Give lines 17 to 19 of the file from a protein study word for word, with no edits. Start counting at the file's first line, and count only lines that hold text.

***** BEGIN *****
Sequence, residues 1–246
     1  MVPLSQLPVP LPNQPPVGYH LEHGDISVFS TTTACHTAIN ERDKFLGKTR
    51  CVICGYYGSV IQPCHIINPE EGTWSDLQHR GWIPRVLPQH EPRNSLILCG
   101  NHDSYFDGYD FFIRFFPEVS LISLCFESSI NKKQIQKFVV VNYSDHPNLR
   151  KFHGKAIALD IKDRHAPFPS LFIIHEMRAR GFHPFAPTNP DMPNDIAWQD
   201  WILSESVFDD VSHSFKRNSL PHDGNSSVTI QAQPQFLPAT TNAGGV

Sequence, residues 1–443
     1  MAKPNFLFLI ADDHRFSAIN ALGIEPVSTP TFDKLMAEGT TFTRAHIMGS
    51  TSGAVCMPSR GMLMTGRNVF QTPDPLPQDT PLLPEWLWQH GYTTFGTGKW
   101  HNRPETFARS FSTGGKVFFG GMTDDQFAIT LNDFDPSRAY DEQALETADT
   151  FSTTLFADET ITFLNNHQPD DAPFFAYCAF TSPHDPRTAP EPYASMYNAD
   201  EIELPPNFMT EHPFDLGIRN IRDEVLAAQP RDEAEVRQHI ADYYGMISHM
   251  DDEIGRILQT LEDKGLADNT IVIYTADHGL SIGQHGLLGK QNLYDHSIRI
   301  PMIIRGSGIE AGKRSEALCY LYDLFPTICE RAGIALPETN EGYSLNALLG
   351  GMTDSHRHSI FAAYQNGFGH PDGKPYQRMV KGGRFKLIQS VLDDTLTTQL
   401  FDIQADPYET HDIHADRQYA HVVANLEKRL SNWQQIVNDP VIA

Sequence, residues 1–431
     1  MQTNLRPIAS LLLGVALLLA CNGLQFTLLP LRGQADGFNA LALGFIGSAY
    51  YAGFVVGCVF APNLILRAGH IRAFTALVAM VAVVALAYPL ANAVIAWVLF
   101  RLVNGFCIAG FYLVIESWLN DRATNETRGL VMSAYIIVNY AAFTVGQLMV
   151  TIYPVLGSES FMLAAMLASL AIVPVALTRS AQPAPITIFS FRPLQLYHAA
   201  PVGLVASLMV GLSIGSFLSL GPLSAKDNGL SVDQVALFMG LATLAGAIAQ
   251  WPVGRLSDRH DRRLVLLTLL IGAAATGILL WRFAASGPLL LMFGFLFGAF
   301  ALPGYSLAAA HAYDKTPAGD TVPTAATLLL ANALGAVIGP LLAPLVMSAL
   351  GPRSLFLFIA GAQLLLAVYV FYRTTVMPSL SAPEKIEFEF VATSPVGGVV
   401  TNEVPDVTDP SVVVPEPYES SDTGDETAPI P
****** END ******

Sequence, residues 1–431
     1  MQTNLRPIAS LLLGVALLLA CNGLQFTLLP LRGQADGFNA LALGFIGSAY
    51  YAGFVVGCVF APNLILRAGH IRAFTALVAM VAVVALAYPL ANAVIAWVLF